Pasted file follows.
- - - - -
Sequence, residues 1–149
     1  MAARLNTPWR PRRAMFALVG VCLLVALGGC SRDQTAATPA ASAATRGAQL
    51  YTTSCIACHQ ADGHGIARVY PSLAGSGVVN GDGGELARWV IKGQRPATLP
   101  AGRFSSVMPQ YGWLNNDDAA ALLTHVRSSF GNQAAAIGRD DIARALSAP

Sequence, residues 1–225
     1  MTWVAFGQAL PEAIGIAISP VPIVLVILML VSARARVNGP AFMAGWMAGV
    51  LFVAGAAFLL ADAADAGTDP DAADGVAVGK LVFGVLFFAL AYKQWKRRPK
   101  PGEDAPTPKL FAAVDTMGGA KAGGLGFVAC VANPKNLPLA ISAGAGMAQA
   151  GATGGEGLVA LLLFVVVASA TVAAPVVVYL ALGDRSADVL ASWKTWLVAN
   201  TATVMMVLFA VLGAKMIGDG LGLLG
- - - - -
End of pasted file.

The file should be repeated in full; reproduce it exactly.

Sequence, residues 1–149
     1  MAARLNTPWR PRRAMFALVG VCLLVALGGC SRDQTAATPA ASAATRGAQL
    51  YTTSCIACHQ ADGHGIARVY PSLAGSGVVN GDGGELARWV IKGQRPATLP
   101  AGRFSSVMPQ YGWLNNDDAA ALLTHVRSSF GNQAAAIGRD DIARALSAP

Sequence, residues 1–225
     1  MTWVAFGQAL PEAIGIAISP VPIVLVILML VSARARVNGP AFMAGWMAGV
    51  LFVAGAAFLL ADAADAGTDP DAADGVAVGK LVFGVLFFAL AYKQWKRRPK
   101  PGEDAPTPKL FAAVDTMGGA KAGGLGFVAC VANPKNLPLA ISAGAGMAQA
   151  GATGGEGLVA LLLFVVVASA TVAAPVVVYL ALGDRSADVL ASWKTWLVAN
   201  TATVMMVLFA VLGAKMIGDG LGLLG